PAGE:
Companies that exist solely to buy patents and sue tech firms, known as patent trolls, will be affected by a Supreme Court decision today that could limit where they file suits. Currently, venue is key to how patent trolls win cases — for example, one third of such cases are argued in the eastern district of Texas where rules are favorable to plaintiffs. Plus, a test run of Amazon's outfit compare feature, which joins several apps trying to take the place of a friend who tells you what to wear while compiling your shopping data.

Marketplace

Iran responds to U.S. sanctions with their own, aimed at U.S. companies that do business with Israel. Marketplace's Marielle Segarra discusses which companies are involved and what it means for them. Then we turn to Nigeria, where pollution from an oil spill is still astonishingly high almost a decade after two Shell pipelines burst. Plus, how mobile solar-powered vehicle chargers are changing the landscape of the electric car industry.

Will the iPhone (RED) boost Apple's sales?

Mar 24, 2017
Jana Kasperkevic

Apple’s new iPhone 7 — a distinctly colored red iPhone — is on sale today. The newest iPhone is a collaboration between Apple and Bono’s (RED) Campaign, but while the phone is connected to a charitable cause, it may also mean a bump in sales.

Scott Tong

An insider says pollution from a Nigerian oil spill in a pipeline owned by Shell's parent company remains “astonishingly high” nearly a decade on.

In 2008, two Shell pipelines burst in a part of Nigeria known as the Bodo community. Local villagers asserted in court that the amount spilled equals that of the Exxon Valdez tanker disaster from 1989.

Even with approval, Keystone pipeline may not get built

Mar 24, 2017

The Trump administration has approved a construction permit on the long-delayed Keystone XL pipeline. Back when it was planned in 2010, oil was still trading at $100 a barrel and fracking had yet to fully ramp up. The project still serves as a symbol for both environmentalists and energy companies. But the overall impact of the pipeline may be less than originally thought, both in environmental terms and its demand from a market that is already flush with supply.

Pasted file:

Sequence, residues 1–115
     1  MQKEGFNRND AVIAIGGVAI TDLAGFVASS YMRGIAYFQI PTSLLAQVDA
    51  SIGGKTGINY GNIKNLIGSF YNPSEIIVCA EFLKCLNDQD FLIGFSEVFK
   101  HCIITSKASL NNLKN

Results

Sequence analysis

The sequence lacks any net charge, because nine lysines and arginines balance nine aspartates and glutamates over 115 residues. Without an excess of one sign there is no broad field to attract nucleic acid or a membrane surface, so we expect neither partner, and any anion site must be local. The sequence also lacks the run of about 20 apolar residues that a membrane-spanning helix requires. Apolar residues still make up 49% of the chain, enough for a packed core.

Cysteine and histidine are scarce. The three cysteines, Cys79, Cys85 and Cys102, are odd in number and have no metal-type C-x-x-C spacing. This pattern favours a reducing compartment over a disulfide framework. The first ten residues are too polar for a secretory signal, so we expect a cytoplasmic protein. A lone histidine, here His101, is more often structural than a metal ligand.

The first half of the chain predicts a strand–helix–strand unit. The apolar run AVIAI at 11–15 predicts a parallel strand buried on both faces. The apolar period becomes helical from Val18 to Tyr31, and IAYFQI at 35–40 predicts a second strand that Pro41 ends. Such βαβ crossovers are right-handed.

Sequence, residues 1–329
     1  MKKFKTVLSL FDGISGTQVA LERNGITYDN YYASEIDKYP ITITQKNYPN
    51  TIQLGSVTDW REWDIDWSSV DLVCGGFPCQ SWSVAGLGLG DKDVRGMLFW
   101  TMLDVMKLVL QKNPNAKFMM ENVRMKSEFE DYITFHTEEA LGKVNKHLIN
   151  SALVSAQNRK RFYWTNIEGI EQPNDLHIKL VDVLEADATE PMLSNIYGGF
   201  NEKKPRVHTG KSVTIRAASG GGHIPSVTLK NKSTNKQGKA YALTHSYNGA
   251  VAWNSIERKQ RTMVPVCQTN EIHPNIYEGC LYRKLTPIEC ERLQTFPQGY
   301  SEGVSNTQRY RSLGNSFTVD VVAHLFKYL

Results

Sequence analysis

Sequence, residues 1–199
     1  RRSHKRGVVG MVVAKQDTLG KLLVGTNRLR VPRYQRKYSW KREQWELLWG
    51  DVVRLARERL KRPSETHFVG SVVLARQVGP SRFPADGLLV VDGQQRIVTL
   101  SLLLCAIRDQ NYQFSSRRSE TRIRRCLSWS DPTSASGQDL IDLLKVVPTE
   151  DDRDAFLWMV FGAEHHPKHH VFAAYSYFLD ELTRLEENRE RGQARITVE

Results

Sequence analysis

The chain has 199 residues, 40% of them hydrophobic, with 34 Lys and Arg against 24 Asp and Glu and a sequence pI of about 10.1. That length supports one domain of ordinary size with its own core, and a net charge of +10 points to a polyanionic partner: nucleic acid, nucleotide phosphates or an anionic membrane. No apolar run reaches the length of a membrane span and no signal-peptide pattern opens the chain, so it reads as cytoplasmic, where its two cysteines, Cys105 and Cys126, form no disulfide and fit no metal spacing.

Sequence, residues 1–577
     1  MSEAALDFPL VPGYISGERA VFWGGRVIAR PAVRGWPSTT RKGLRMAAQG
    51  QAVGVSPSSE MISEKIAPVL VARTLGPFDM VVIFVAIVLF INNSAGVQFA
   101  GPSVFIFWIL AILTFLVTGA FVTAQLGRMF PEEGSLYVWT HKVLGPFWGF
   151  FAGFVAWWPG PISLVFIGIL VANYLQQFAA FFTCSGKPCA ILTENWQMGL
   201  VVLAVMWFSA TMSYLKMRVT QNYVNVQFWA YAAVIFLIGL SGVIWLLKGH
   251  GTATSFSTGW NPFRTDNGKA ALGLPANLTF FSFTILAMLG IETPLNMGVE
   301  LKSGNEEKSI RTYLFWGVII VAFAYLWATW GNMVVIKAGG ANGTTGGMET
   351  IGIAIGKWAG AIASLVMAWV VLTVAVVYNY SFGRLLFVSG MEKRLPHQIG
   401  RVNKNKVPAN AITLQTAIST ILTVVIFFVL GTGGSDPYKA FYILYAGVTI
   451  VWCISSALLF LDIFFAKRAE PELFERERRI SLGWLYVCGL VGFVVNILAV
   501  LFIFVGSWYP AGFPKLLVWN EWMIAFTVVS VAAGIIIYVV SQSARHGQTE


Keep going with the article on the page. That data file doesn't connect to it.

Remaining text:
Click the audio player above to hear the full story.

Why hiring a new CEO can be really difficult

Mar 24, 2017

The world’s biggest entertainment company is taking a little more time to choose a new CEO. Disney announced it will extend the contract for CEO Robert Iger for another year, until 2019. This is the third time Disney has extended Iger’s contract. He was originally supposed to retire in 2015, but Disney keeps convincing him to stay on, this time with a $5 million bonus for the extra year. Disney isn’t the first company to have trouble putting a succession plan in place. Why is it so hard?

Click the audio player above to hear the full story.

What people get wrong when they talk about NAFTA

Mar 24, 2017
Kai Ryssdal and Daisy Palacios

This story is from our special series that explores NAFTA’s role in our economy from the perspective of workers, business owners and trade negotiators. What exactly is NAFTA? And what happens if it changes? Join us to discuss how one of the most hotly contested issues in our society shapes the way we live.

Why your robot restaurant might get sued

Mar 24, 2017

About half a dozen kiosks stand ready to take your order at Eatsa in midtown New York. With the help of technology, the fast-food startup basically eliminated the need for front-of-the-house staff. Hungry New Yorkers walk in, key in their order, pay and then pick up their order from one of the nearby cubicles. No human interaction necessary.

That is, unless you are blind.

What 'Frozen' had to do with the 'Beauty and the Beast' reboot

Mar 24, 2017
Kai Ryssdal and Bridget Bodnar

When Disney's live-action remake of "Beauty and the Beast" opened in theaters last weekend, it broke a bunch of box office records. That's pretty good news for Todd Lieberman and David Hoberman, the producers at Mandeville Films who made the film for Disney. Lieberman talked to Marketplace host Kai Ryssdal about the experience. Below is an edited transcript of their conversation.